1. The GRAMMARISTICS:The grammar rules of our language system.  These are the tools which allow children to be in control of their grammar choices to improve precision and the impact of their writing.


  1. The BOOMTASTICs: These are the writing techniques that can be used to add drama, style and poetic devices to writing.  They enable children to showcase their personal voice and writerly style through the techniques they use.




Thinking side &  writing side.

Children develop their writing by building vocabulary and phrases using a technique called ‘chotting‘ with a partner (chatting and jotting). This allows children to work on their writing ideas and we emphasise the importance of thinking about their writing ideas and vocabulary.  Books are divided into two sides: the Thinking side where the ideas and chotting are recorded and the Writing side where children construct their sentences.

Celebrating the craft and construction of sentences

A class sentence stack is created to celebrate children’s sentences. This helps children to clearly see how a piece of writing is crafted and built before independently writing.

Independent writing – The published pieces

At the end of the unit of learning, children apply the skills they have learned to their own piece of independent writing.  They will use The Write Stuff writing rainbow to create their own unique piece of writing, independently using and applying the skills they have learned in the preceding writing unit. 



By the time children leave Carr Infant School they will:  


  • Make good progress by the end of Key Stage 1.
  • Love writing and view writing as a creative and enjoyable activity 
  • Produce a high standard of written work in writing lessons and the wider curriculum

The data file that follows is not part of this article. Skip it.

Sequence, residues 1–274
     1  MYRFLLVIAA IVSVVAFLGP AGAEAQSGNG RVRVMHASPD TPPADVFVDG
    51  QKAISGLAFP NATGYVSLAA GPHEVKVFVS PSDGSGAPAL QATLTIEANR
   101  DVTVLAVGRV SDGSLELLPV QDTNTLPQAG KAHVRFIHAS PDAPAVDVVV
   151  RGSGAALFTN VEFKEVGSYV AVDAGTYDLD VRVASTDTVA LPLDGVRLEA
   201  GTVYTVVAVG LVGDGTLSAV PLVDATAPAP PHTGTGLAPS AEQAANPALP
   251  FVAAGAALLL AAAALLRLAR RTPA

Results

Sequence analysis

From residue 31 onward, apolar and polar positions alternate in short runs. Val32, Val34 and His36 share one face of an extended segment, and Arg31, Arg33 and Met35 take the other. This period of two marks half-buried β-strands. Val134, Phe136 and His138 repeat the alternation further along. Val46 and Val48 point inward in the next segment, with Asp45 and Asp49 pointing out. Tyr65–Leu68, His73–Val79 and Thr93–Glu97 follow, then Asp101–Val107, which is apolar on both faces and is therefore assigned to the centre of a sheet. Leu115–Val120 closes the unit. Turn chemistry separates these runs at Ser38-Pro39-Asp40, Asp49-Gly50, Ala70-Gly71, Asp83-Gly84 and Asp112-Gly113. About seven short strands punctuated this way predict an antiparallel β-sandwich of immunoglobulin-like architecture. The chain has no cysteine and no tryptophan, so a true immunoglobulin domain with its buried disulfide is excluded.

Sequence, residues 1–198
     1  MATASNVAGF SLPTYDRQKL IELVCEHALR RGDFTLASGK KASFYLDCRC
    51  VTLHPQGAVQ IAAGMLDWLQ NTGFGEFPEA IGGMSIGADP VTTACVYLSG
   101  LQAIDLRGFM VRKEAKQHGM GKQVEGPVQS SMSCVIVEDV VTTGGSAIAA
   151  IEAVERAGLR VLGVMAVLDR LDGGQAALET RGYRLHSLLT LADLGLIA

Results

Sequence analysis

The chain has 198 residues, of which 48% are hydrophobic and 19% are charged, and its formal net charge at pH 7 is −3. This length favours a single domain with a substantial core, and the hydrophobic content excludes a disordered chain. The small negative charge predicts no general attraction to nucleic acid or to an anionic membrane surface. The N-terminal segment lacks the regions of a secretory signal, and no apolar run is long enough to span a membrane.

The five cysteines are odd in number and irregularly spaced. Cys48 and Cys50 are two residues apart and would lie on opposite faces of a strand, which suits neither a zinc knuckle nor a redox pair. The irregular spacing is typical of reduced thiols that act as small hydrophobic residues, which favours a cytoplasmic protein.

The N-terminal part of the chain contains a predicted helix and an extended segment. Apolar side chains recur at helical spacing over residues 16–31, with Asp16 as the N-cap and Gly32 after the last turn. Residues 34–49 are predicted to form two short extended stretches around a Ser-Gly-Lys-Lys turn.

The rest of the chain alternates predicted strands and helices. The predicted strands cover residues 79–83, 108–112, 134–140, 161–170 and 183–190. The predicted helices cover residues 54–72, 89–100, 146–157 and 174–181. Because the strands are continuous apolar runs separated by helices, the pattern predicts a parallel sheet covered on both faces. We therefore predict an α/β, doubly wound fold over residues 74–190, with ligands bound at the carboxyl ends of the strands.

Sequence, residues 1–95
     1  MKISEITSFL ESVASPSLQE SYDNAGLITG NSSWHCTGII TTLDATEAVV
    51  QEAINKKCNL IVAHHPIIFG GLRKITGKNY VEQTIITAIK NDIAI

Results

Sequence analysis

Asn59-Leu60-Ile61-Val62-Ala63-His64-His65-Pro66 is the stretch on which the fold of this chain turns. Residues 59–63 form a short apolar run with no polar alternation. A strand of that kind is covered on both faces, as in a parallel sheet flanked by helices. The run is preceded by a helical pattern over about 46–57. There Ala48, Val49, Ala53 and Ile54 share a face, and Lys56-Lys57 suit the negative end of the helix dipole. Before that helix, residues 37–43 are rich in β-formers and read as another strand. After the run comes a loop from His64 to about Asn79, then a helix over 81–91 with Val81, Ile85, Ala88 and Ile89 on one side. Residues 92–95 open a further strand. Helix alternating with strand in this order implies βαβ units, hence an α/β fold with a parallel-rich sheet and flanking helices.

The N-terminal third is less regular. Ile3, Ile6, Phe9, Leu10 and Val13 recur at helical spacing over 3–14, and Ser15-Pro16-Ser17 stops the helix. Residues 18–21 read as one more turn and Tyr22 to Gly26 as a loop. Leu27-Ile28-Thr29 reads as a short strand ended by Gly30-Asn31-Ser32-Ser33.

• Be confident writers with excellent communication skills evident in their ability to write in a range of genres and contexts. 


Phonics and Reading



We want our children to develop a lifelong love of language and literature. We know that future success is linked directly to a broad vocabulary, a love of reading and the ability to communicate through text. Therefore our primary aims are, through skilled teaching and knowledge of children’s literature, to:

  • Ensure that children have repeated opportunities, through our curriculum, to become confident readers and to achieve or exceed their age related reading expectations regardless of their background, needs or abilities.
  • Promote a love of reading, lighting a spark for reading through teaching and reading together quality texts. Story time is a vital part of this process and we embrace creative ways to share and tell stories.
  • Develop a wide range of vocabulary that can be used within their spoken language, closing the word gap to empower children to deepen their understanding of the texts they are reading.




To get every child reading:

We will support all children to learn to read through clear leadership; consistent teaching and learning approaches; regular monitoring and assessment and communication with home. Reading teachers, with support from the Reading Lead, English Team and Senior Leadership Team, draw upon careful observations and continuous assessment to ensure children are challenged and to identify children who may need additional support. Timely intervention is planned for those children working below expected levels as soon as their needs are identified. All children read aloud during phonics or whole class reading. In addition, some pupils may read at least once more per week with a teacher, teaching assistant or reading volunteer; the focus being on the lowest 20%.